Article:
Our heroes are seeking cover from the storm when they come upon the upturned riverboat.  As Emmett wanders through the vessel exploring the wreckage, the space becomes more threatening.  In this topsy-turvy place, he passes through an archway into the main casino.  Its gambling tables and piano remain in pieces on the ground, while chairs are suspended from rafters and boulders jut up into the boat.  In the corner, a shadow lurks.

After researching riverboats from the period, concept artists drew illustrations to demonstrate what the intact riverboat should look like.  Starting with foam core models of an undamaged boat, the artists broke down the design to see how the set would look if a boat had been hurled about.  “It’s a combination of creating something based on a real object that is, at the same time, a very abstract sculpture,” says Chambliss, “all the while keeping in mind that we needed to make this a dynamic, unusual space for the actors.”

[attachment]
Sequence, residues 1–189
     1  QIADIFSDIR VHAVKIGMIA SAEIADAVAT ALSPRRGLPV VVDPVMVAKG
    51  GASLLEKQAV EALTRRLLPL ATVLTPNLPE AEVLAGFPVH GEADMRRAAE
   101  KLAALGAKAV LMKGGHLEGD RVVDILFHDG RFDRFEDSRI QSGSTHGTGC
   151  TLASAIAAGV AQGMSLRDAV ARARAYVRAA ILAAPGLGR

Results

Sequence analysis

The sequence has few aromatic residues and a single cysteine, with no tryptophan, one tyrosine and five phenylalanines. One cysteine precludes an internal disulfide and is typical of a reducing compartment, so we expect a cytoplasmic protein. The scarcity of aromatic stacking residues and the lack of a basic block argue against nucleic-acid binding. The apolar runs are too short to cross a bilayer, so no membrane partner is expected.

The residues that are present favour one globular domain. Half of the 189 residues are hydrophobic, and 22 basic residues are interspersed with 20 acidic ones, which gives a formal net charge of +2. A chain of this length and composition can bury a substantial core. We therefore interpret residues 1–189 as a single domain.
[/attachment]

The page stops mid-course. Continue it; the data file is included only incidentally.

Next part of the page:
Relying upon the artists’ models, Chambliss’ team built the framework of the upside-down set.  Complete with broken windows, uneven surfaces and pitched walls, the riverboat included mounted trophy heads, as well as cracked mirrors and kerosene lamps.  When it came time to dress the set, the fun began.  Laughs Chambliss: “We had this beautiful furniture, casino tables, elaborate chandeliers, chairs, framed paintings…and then we got to destroy them.  The crew and I had great fun throwing the stuff around, stomping on this and crushing that, seeing where it landed and deciding what worked.”

Props

Iron Man and Star Trek property master RUSSELL BOBBITT joined the team with the challenge of outfitting a 19th-century world with props from weaponry to whiskey bottles.  He and his crew blended period research with fantasy invention to create a battery of props from three different but intersecting worlds.  But hewing as close as possible to the historical record presented challenges when it came to outfitting one of those worlds.